Mateusz Piskorski (1977), member of the radical right-wing Self-Defence of the Republic of Poland.

Mateusz Piskorski

Serbia

Milenko Baborac (1966), member of the far right, ultra-Orthodox Dveri Movement.

Milenko Baborac
Nenad Popović (1966), vice-president of the right-wing eurosceptic Democratic Party of Serbia, president of the honorary council of the Russian-Serbian Friendship Society.

Nenad Popović
Zoran Radojicic (???), member of the far right, ultra-Orthodox Dveri Movement.

Zoran Radojicic

Russia

Oleg Denisenko (1962), member of the neo-Stalinist, national-bolshevik Communist Party of the Russian Federation.

Oleg Denisenko

Spain

Pedro Mouriño (1974), member of the right-wing Partido Popular, President of the Mediasiete Corporation, a PR company that focuses, in particular, on the Russian-speaking markets.

Pedro Mouriño

Enrique Ravello (1968), former member of the neo-Nazi CEDADE, former member of the extreme right, neo-pagan Terre et Peuple organisation, current member of the extreme right Plataforma per Catalunya.

Enrique Ravello

USA

Srđa Trifković (1954), Serbia-born anti-Semitic and Islamophobic writer. Known as an advocate of Slobodan Milošević's regime.

Srđa Trifković

This list gives us a very accurate idea of who Putin's allies are: right-wing extremists, neo-Stalinists, eurosceptics, neo-Nazis, etc.* One question remains unanswered though: When approached by the EODE, a number of European far right parties officially declined to send their representatives to observe the Crimean "referendum", but "monitors" from the National Front, Freedom Party of Austria and Vlaams Belang did go to the Crimea. The answer seems to lie in the European Parliament elections that will be held in May 2014. Since, in Europe, Putin's Russia is being increasingly considered a very dangerous pariah state, it seems reasonable to suggest that far right parties do not want to risk alienating their potential voters and, instead, allowed their members to make individual decisions as to whether become observers at the illegal "referendum" or not.

In conclusion, some sad humour: many European "observers" were allowed to enter Ukraine so easily, because Ukraine had liberated the visa regime for EU nationals. They can freely travel to Ukraine and stay in the country up to three months. (The EU has not returned the favour to Ukrainians yet.) Russia has no such liberal norms, and the process of obtaining Russian visas is very complicated. If the Crimea becomes Russian, the extremist "observers" will have to arrange Russian visas to enter the region again. However, I doubt they would want to go to the Crimea: their task was to disrupt the peace in the region, rather than contribute to its prosperity and flourishing.

* - I should stress that this list is not complete (various sources claim that there were 50 international "monitors"), and I will be grateful for verifiable additions to this list, as well as relevant corrections and amendments.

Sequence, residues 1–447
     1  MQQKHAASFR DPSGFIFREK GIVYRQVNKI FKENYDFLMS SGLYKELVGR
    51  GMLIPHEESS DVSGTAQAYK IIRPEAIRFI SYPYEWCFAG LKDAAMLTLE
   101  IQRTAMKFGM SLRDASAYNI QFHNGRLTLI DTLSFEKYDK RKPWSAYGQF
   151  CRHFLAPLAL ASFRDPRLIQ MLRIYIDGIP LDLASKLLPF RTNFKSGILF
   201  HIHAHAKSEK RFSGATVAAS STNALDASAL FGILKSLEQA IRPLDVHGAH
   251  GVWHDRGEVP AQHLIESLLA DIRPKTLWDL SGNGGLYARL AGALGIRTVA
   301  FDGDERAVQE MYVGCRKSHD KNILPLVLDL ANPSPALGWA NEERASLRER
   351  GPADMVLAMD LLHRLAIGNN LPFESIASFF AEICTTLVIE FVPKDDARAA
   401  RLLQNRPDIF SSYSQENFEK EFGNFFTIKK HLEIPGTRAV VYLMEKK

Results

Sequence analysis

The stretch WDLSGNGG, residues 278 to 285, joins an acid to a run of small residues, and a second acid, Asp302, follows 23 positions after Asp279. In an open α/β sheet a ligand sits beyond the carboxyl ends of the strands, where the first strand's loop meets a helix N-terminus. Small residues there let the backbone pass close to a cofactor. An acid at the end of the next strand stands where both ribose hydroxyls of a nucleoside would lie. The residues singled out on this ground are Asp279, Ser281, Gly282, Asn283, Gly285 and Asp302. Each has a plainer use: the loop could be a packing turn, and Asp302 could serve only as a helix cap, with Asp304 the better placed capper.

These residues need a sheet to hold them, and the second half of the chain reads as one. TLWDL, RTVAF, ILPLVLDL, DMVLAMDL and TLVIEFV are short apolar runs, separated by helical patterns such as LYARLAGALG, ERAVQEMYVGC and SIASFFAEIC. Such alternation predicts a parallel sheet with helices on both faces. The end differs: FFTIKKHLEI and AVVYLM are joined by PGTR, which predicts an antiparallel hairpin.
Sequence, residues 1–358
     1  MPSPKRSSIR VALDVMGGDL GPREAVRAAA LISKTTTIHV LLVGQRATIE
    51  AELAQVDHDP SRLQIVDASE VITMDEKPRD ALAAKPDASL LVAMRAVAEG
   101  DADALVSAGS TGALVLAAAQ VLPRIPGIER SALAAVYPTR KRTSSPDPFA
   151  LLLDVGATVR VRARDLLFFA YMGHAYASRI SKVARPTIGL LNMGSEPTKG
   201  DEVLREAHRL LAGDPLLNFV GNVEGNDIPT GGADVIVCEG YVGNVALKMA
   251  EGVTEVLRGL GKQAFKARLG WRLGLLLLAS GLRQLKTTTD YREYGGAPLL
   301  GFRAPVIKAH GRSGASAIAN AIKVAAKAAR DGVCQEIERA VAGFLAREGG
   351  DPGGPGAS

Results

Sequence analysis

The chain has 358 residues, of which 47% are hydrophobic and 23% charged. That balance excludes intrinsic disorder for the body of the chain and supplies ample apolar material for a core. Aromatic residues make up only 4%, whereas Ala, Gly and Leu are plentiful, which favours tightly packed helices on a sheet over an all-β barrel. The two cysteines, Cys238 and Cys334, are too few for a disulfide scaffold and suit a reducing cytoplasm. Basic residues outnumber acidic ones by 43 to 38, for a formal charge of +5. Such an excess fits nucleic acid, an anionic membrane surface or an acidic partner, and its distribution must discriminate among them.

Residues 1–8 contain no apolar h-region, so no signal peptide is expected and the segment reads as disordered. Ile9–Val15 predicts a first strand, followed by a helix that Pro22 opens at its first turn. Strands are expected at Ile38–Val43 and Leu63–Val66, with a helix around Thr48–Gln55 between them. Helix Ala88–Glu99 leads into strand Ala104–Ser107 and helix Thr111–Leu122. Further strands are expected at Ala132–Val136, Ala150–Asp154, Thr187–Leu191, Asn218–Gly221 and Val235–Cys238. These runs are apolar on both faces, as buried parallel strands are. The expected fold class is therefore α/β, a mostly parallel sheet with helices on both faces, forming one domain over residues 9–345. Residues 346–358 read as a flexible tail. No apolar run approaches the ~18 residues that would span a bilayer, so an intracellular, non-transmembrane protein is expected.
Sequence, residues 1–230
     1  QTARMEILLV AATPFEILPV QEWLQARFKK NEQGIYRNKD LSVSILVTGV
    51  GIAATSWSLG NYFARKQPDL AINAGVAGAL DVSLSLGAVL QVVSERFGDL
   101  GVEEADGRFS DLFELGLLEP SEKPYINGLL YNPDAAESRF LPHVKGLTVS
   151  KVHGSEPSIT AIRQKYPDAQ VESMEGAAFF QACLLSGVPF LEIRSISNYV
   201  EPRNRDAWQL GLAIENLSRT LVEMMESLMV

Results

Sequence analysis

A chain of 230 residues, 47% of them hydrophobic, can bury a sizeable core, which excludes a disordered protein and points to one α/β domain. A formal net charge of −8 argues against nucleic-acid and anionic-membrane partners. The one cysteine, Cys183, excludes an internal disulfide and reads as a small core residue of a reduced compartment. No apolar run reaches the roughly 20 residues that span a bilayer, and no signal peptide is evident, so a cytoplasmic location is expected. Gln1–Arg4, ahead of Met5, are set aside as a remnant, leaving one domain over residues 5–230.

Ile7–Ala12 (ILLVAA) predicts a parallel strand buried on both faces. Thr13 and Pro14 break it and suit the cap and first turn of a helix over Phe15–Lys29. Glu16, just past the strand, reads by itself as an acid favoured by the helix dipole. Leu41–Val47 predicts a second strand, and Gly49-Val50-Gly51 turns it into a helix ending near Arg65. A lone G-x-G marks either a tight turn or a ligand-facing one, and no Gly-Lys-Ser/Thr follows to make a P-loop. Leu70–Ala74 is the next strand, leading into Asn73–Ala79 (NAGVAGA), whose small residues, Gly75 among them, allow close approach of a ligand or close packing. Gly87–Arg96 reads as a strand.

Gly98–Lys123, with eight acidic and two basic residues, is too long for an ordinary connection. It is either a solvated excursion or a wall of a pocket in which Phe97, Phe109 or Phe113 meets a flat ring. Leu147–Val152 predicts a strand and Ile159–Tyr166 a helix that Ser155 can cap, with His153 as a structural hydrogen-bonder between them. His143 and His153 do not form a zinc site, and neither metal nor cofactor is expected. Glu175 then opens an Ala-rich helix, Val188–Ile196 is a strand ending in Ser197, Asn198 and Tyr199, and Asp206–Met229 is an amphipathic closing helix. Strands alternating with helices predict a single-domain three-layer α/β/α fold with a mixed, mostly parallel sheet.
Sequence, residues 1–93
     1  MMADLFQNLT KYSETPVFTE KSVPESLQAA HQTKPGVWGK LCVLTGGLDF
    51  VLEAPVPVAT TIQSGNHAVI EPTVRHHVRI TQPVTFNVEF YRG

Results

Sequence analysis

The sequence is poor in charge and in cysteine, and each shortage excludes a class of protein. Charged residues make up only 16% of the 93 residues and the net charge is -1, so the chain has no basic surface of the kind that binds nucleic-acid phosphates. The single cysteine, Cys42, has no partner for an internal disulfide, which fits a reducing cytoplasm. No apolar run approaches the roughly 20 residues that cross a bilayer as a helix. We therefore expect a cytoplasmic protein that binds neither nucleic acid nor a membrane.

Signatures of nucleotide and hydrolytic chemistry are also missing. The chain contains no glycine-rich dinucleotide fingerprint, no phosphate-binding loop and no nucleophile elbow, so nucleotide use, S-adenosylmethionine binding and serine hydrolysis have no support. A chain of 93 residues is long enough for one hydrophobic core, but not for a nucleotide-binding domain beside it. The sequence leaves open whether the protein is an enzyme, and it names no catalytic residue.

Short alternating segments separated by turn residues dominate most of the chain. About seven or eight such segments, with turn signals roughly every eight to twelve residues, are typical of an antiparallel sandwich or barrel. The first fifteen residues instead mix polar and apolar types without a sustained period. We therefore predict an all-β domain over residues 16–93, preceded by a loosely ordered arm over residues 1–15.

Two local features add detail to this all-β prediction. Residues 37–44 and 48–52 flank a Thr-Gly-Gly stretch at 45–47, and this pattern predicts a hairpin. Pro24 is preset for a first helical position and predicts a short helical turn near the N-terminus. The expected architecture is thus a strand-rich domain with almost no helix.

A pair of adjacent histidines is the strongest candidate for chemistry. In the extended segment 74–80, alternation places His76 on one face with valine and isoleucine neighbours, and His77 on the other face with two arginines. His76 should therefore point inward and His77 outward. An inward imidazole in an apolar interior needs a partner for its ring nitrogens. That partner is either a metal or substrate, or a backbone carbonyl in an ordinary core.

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22 comments:

  1. Many thanks, Anton! Especially for compiling the list, and for the last remark about such an easy entry to Ukraine (compared to Russia), and lack of the reciprocity from the EU...

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  2. Ukrainian nationalistic Svoboda party seems to distant itself from National Front and Austrian Freedom Party. I take it positively.

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    Replies
    1. Svoboda hasn't distanced itself from the radical right-wing ideology.

      Delete
  3. You can add another Spaniard to your list : Pedro Mouriño, current member of Partido Popular, wich is the party of Mariano Rajoy, president of the Spanish Government in office .
    Source:
    http://internacional.elpais.com/internacional/2014/03/16/actualidad/1395006854_701397.html

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  4. It is somewhat incorrect to characterise Johan Bäckman as a neo-Stalinist, as he recently gave out an interview where he questioned Finland's independence due to it being granted by illegitimate Soviet regime. Of course, this characterisation hasn't stopped him from also considering Estonia's and Latvia's independence as illegitimate. He's flirted with the left previously, but nowadays he's openly a pro-Russian, authoritarian conservative right-winger.

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    Replies
    1. Well, neo-Stalinism is exactly about being "pro-Russian, authoritarian conservative right-winger".

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  5. From Germany Torsten Koplin and Hikmat Al-Sabty, both member of parliament of Mecklenburg Vorpommern for the left wing party "DIE LINKE." traveled to Crimea to monitor the referendum.

    Torsten Koplin had been an informer to the "Staatssicherheit" (Ministry of State Security in the GDR) in 1987/88.